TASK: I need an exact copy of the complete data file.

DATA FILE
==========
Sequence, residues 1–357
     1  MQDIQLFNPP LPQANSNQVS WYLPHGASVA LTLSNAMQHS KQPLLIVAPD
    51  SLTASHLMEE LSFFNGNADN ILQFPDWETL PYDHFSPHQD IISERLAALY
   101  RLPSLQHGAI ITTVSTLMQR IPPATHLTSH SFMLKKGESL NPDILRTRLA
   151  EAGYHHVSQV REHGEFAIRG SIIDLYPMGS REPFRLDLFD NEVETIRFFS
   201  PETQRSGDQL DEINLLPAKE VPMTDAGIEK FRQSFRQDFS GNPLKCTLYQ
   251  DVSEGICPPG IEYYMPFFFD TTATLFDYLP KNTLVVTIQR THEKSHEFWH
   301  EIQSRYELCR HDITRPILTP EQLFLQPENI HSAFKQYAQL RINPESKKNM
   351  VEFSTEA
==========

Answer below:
Sequence, residues 1–357
     1  MQDIQLFNPP LPQANSNQVS WYLPHGASVA LTLSNAMQHS KQPLLIVAPD
    51  SLTASHLMEE LSFFNGNADN ILQFPDWETL PYDHFSPHQD IISERLAALY
   101  RLPSLQHGAI ITTVSTLMQR IPPATHLTSH SFMLKKGESL NPDILRTRLA
   151  EAGYHHVSQV REHGEFAIRG SIIDLYPMGS REPFRLDLFD NEVETIRFFS
   201  PETQRSGDQL DEINLLPAKE VPMTDAGIEK FRQSFRQDFS GNPLKCTLYQ
   251  DVSEGICPPG IEYYMPFFFD TTATLFDYLP KNTLVVTIQR THEKSHEFWH
   301  EIQSRYELCR HDITRPILTP EQLFLQPENI HSAFKQYAQL RINPESKKNM
   351  VEFSTEA